In an interview before his fight against Kell Brook. Abel said this about Gennady coming into his gym and taking on his ideas and style of fighting:
“When I first got him six-and-a-half years ago I asked him to give me three years without any questions, interruptions or saying ‘this is the way I used to do it before’. Let me do my job for three years and I promised he’d be the best middleweight in the world.
To this day, six-and-a-half years later, he still hasn’t questioned anything. He says ‘coach, this is your school’. I’m fortunate, as a coach, to have a pupil like that.
This is all stuff that I’ve designed and implemented into his training regime and I’m fortunate that he came to me with heavy hands. We’ve been able to develop that even more.”Abel Sanchez talking to Sky Sports
(Read more about Golovkin’s Boxing Style for more on this area here.)
Trusting the process
Overall I think this is a very positive sign of Gennady’s trust in his coach at the time. And you can’t deny Abel’s impact as a trainer in getting him to the level he got to. Triple G developed into this style and never looked back. Changing into an entertaining pressure fighter who would set up tremendous power punches resulting in knockouts. In many ways, he reminds me of the way Julio Cesar Chavez would fight at times.
For Gennady adapting to this style, it has all been about intensity, explosiveness, and precision.
From watching any of his boxing training you can tell he “trains how he fights’ and this is very clear to see. But let’s take a closer look at some areas.
For GGG’s shadowing boxing, it is truly impressive when he is doing this, as he simply flows in between each punch and throws with such preciseness.
Not only that, he always makes sure he does at least two of three movements at any time, including; using footwork, head movement or punches. This is a really good rule of thumb for any boxing exercise, even sparring – making sure you are at least doing two of three at one time.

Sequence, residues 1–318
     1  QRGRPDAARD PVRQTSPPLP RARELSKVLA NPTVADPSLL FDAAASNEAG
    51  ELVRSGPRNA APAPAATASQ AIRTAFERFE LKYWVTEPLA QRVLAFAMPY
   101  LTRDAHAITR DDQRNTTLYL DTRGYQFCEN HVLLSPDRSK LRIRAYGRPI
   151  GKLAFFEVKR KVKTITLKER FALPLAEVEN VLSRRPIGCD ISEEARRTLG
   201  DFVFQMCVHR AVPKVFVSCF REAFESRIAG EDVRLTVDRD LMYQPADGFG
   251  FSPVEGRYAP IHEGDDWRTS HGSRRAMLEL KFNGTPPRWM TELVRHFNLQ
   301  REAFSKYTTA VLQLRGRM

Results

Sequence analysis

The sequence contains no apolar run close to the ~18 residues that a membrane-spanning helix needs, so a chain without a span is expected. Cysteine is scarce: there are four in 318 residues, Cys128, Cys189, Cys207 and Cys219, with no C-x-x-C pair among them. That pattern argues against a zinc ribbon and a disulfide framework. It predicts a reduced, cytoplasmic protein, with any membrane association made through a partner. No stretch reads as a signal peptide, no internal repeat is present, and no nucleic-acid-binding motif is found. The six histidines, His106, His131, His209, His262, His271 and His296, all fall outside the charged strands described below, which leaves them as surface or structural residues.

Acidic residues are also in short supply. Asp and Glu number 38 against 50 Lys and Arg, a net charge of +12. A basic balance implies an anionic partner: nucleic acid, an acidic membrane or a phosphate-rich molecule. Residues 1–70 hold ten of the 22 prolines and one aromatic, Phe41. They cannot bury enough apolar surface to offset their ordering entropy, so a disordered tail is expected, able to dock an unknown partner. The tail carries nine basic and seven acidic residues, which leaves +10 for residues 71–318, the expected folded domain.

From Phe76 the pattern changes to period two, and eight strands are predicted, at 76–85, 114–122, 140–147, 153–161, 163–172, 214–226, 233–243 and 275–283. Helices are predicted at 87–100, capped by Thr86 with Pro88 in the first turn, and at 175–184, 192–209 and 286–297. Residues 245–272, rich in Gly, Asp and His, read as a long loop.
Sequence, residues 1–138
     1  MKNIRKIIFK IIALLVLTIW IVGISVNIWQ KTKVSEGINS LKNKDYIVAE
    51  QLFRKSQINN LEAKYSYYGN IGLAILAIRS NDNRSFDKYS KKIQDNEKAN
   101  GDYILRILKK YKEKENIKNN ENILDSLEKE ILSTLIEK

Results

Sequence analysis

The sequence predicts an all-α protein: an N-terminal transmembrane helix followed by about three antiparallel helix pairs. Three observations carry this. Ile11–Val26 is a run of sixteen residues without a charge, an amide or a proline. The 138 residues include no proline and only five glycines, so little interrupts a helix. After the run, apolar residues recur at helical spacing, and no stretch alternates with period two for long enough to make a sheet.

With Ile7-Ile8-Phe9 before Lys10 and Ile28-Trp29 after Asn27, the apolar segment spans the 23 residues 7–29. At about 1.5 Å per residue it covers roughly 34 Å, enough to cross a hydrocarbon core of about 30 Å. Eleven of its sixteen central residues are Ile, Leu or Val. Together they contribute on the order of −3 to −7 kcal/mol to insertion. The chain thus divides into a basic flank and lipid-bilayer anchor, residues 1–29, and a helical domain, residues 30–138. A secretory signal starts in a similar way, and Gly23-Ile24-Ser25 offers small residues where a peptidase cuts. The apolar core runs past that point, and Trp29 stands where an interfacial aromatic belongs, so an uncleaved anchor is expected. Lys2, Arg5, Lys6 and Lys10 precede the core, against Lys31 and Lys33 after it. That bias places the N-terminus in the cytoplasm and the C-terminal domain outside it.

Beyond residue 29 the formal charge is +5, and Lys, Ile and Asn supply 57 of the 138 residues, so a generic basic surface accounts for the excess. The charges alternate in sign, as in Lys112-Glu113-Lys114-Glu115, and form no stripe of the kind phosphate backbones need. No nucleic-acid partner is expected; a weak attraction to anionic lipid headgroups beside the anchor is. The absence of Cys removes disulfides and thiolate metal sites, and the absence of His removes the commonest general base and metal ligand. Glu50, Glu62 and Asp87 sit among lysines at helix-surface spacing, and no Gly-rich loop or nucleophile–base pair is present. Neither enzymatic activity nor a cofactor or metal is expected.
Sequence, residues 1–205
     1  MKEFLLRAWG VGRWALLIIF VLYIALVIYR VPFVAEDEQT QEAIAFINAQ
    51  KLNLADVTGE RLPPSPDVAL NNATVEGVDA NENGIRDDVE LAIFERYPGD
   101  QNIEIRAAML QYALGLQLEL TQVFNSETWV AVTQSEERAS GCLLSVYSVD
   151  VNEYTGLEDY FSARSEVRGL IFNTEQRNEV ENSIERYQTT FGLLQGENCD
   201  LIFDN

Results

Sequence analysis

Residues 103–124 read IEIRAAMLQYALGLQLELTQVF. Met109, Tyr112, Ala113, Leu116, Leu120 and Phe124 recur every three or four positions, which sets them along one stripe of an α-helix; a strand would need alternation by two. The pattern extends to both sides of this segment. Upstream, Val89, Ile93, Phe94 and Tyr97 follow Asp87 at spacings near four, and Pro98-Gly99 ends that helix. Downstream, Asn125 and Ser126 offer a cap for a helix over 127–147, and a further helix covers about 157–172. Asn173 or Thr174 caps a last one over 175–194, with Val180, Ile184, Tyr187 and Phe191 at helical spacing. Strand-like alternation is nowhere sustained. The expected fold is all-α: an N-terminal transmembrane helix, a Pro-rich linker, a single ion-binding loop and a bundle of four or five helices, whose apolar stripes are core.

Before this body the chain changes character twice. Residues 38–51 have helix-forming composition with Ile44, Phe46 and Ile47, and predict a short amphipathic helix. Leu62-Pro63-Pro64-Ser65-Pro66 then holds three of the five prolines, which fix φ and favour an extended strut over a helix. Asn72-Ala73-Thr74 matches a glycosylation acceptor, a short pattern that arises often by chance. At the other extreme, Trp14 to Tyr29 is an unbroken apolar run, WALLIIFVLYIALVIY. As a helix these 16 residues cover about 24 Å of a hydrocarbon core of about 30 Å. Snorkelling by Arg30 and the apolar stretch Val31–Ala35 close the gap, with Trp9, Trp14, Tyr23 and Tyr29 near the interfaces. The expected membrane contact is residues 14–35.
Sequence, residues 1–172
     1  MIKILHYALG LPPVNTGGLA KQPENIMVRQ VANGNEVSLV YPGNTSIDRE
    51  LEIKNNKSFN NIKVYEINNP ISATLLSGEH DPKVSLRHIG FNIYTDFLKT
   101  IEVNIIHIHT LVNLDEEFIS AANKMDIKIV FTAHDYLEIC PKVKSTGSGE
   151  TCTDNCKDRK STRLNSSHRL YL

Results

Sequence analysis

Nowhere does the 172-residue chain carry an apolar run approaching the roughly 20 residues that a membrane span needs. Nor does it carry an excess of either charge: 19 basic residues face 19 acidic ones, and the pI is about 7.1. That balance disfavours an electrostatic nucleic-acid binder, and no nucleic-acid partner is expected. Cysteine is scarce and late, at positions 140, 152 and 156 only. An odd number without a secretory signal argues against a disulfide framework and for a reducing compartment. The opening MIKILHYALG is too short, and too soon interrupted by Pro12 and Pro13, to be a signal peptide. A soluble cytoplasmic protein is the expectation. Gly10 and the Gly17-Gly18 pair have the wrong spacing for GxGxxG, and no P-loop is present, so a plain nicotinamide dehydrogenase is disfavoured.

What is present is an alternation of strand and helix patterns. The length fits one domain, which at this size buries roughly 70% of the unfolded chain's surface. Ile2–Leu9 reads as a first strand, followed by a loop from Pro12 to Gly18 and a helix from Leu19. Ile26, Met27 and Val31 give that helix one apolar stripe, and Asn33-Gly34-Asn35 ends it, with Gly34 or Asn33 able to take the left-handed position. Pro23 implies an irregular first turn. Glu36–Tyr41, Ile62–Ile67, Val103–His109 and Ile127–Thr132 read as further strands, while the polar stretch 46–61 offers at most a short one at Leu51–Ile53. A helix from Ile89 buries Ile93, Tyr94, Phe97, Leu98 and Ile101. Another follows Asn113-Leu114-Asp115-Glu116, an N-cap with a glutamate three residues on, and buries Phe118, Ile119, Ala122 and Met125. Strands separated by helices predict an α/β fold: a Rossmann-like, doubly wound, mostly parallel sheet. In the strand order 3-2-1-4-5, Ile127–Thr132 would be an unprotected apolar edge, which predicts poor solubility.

For example, using footwork while punching or using head movement after throwing punches. Gennady is a great example to study if you’re looking to improve in this area.
He will also shadowbox with light dumbbells (1 – 1.5kg) which helps him with his shoulder muscle endurance. You will see a lot of the top boxing professionals using these when shadow boxing but I will go into more detail later in this article.
The boxer’s best friend and no doubt one for Golovkin is training with the heavy bag. This is where he can really practice his technique with full power.
From looking at the footage you can tell he is focusing on precision, technique, and power. But what I also like about his work here is that he makes sure to use footwork while also changing the tempo from light to power shots in between. You can’t constantly be throwing bombs, even if you are Triple G.
You will also see him try out different combinations and use his jab. Sometimes Golovkin gets depicted as someone who is just a power puncher. But in actual fact, he is a mix of chaos as he is always thinking two steps ahead and this is evident even watching him on the heavy bag.
Now under Sanchez and even Banks to an extent, Golovkin trains very simple combinations. With the main focus being on, setups, precision, and power.
With Abel Sanchez on the mitts, you can tell he is trying to help Gennady set up his wide left looping hooks, uppercuts, and even those deadly overhand or lead straight rights. He would also get him to double up his left hand. With a snappy left hook, before unleashing an immediately powerful follow-up left hook or uppercut.
These punches are where Abel clearly knew Gennady would do most of his damage. And is trying to make him as efficient as possible when throwing these punches with correct form and power.
A lot of time you will see these combos in his training materialize in the ring.
Sanchez would also like to use the punch shield with Gennady too which is also a very useful training tool to work on your power punch variation.
While under Johnathon Banks it’s almost been the opposite. The former Kronk fighter is making Gennady think about using his jab more, using footwork and defensive movement. Personally, I really like the way Johnathon Banks really tries to introduce the jab more into Golokin’s mitt work. In my opinion, The Kazak has one of the best jabs in boxing and it’s important that he utilizes that in his training.
It is almost reminiscent of Golovkin’s amateur days when doing mitt work
Regardless of who is on the pads with Gennady, this is a very important practice for him to put him in real situations to throw these punches.
Reaction and timing drills
Now in terms of working on his reactions and timing. There isn’t too much footage of Gennady working on this area. Maybe because when reporters and documentary makers come to film in Big Bear. They mainly focus on him throwing power shots and strength and conditioning.